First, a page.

Labour: a loyal friend to Israel

Labour: a loyal friend to Israel
Comment: Labour leader Ed Miliband has been critical of Israel but don't expect a change in UK policy if he becomes the next prime minister, says Tom Charles.
4 min read
01 Apr, 2015
A labour government will bring little substantive change in UK policy toward Israel [LEON NEAL/AFP/Getty]

Among the possible outcomes of the UK election on 7 May are a Labour victory, a minority Labour government, and a Labour-led coalition government, all of which would make Ed Miliband prime minister. What would that mean for UK policy toward the Israel-Palestine conflict?

Miliband's differences with Cameron are likely to vanish once Labour gain power.

There is an obvious difference between the rhetoric of the Labour party and the Conservative-led government over the past five years, with the government strongly supporting Israel throughout, and the Labour opposition showing more willingness to be even-handed.

This reflects the backbench and grassroots pressure on the Labour leadership on Palestinian rights, which is largely absent in the Conservative party.

During Israel's assault on Gaza last summer, dubbed Operation Protective Edge by the Israelis, Ed Miliband decried the lack of response from Prime Minister David Cameron to the huge loss of civilian life as "inexplicable".

Later in 2014, Miliband was again in opposition to the Conservatives' Middle East policy when he urged Labour MPs to back a parliamentary vote recognising a Palestinian state, and supported Palestine's application for enhanced observer status at the UN.

But these differences are ultimately superficial after scratching the surface. Miliband vehemently opposes a boycott of Israel, supports negotiations under US auspices and generally adopts Israeli propaganda to inform his public statements on the conflict (he supports "Israel's right to defend itself" against Hamas "terrorists," opposes the "delegitimisation of Israel").

His statement on Gaza last year was devoid of historical or regional context and presented the Israeli side as victims of an unprovoked aggression from Gaza.

Already displaying an Orwellian ability to subvert reality in the Middle East, Miliband's differences with Cameron are likely to vanish once Labour gain power. Miliband's predecessors Gordon Brown and Tony Blair were strong and in Brown's case fervent supporters of Israeli hegemony.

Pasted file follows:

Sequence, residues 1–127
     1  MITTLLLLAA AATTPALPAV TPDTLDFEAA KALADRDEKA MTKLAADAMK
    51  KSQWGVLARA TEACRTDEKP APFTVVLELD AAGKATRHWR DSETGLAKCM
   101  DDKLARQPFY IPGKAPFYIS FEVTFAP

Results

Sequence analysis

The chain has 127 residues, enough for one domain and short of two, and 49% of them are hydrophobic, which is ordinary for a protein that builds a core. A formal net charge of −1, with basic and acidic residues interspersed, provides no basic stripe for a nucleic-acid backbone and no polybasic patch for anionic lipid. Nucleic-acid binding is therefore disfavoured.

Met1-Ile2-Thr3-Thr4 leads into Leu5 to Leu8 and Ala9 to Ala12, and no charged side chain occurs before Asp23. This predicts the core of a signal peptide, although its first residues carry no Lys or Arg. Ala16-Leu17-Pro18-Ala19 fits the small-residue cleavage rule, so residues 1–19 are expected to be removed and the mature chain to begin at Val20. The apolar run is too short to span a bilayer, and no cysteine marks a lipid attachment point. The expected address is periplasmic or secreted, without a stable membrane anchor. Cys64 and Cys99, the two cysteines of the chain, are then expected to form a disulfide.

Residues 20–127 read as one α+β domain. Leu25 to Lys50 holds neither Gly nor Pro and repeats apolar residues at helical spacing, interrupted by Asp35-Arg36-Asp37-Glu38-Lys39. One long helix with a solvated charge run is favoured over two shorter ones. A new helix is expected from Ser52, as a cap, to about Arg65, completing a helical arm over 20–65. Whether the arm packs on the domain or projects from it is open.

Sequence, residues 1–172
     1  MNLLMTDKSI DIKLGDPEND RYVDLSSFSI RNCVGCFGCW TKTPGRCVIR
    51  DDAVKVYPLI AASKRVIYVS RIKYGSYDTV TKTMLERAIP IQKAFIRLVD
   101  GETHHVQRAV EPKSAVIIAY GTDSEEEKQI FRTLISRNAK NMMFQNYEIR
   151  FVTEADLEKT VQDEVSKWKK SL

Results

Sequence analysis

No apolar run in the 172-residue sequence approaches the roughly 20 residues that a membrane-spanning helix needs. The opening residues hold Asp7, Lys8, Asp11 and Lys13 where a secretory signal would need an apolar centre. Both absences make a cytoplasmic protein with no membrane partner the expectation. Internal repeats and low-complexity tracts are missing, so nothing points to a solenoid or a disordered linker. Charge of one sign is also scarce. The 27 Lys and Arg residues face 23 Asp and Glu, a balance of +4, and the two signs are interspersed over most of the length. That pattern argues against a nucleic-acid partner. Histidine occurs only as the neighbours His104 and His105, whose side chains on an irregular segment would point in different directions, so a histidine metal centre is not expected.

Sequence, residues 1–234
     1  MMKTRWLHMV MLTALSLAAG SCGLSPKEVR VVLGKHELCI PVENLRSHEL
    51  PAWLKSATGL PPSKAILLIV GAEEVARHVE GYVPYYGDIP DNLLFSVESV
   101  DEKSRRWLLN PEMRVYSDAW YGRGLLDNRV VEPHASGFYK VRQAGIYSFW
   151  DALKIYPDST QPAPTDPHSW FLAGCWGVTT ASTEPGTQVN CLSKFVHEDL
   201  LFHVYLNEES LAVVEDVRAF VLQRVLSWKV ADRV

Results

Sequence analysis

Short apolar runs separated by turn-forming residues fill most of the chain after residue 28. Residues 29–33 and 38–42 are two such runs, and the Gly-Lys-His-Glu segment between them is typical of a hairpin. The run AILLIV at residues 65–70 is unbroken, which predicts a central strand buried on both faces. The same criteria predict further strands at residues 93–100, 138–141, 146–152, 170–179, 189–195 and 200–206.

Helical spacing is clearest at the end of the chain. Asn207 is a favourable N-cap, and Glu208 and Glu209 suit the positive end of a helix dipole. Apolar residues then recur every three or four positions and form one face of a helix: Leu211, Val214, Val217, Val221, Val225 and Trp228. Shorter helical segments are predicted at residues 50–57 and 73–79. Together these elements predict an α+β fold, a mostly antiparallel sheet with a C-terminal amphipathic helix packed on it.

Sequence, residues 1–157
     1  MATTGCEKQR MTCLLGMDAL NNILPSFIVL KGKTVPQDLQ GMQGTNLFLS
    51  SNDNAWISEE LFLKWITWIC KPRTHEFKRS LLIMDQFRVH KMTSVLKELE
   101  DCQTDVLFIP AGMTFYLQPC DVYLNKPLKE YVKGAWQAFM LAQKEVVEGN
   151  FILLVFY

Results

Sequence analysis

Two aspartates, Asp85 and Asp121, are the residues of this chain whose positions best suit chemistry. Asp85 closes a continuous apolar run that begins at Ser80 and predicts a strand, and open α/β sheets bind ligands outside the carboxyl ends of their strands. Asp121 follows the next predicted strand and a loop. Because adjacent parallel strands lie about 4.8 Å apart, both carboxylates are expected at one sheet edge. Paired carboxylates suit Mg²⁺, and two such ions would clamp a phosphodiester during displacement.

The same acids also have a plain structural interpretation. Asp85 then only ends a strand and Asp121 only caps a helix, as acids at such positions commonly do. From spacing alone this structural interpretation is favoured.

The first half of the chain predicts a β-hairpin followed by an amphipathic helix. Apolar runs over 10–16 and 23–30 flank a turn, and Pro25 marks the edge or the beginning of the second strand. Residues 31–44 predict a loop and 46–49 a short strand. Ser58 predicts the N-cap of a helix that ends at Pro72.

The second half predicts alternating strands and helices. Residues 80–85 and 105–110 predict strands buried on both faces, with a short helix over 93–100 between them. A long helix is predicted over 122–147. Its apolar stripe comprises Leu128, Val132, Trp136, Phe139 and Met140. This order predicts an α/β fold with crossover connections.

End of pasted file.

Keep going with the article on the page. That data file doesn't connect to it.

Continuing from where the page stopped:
Under New Labour, UK policy followed an increasingly pro-US and pro-Israel agenda in the post-9/11 Middle East.

Labour's distance from the ideals of international socialism is most obviously exemplified by Blair's criminal invasion of Iraq and subsequent lucrative roles as an advisor to various dictatorships. Miliband's brother, David, as Labour foreign secretary, failed to distinguish himself, and approached the Middle East as a valuable market for British weapons rather than a region in desperate need of an honest broker.

On the key issue of the 2006 Palestinian elections, in which Hamas swept to victory, the Labour government conspired with the US, Israel and the Fatah-dominated Palestinian Authority to overthrow the elected government and sponsored the training of security forces who worked to widen the ongoing Palestinian schism.

When Israel launched Operation Cast Lead in 2008, David Miliband's response was abject, amounting to tacit approval.

With such recent history, expect little serious change if the younger Miliband becomes prime minister. UK Middle East policy will remain in lockstep with US policy and dogma.

Although the official UK position may be within the slightly more progressive European parameters, in reality the UK's extensive economic, military and intelligence ties to Israel and the impressive donations given to the parties by Zionist donors are the real bottom line.

An inch to the left of the conservatives

The issues that would make a serious difference to Palestinians are unlikely to be challenged by Labour under Miliband.

And it is also worth viewing Labour's prospective approach to Palestine within a domestic context.

Since 2010, Labour has positioned itself an inch to the left of the right-wing Conservatives on every major issue - the economic crash, so-called austerity measures, tuition fees for students, the housing crisis, Syria and more - and while Miliband has taken opportunities to score political points from the Conservatives, as he did over Gaza, such occasions represent opportunism and not significant ideological difference.

The issues that, if tackled, would make a serious difference to Palestinians, including the occupation, protection of Jerusalem, the right of return for seven million refugees, the siege of Gaza, Israel's racist policies and the ongoing freezing out of Hamas, are unlikely to be challenged by Labour under Miliband.

This would represent a missed opportunity for Britain to begin taking responsibility for the historic injustice it started by signing over the land of the Palestinians to a third party, and a missed chance to refresh the UK's image after such a bloody history of foreign invasion.

Don't expect anything but the status quo under Ed Miliband, despite the presence of some voices for justice within his party; it may be his partners in a coalition or minority government that make the most effective case for a new approach to Palestine.

Tom Charles is a London-based writer, editor and literary agent. He previously worked in the UK parliament, including as a lobbyist for Palestinian rights. He has contributed to Jadaliyya and the Journal of Palestinian Refugee Studies.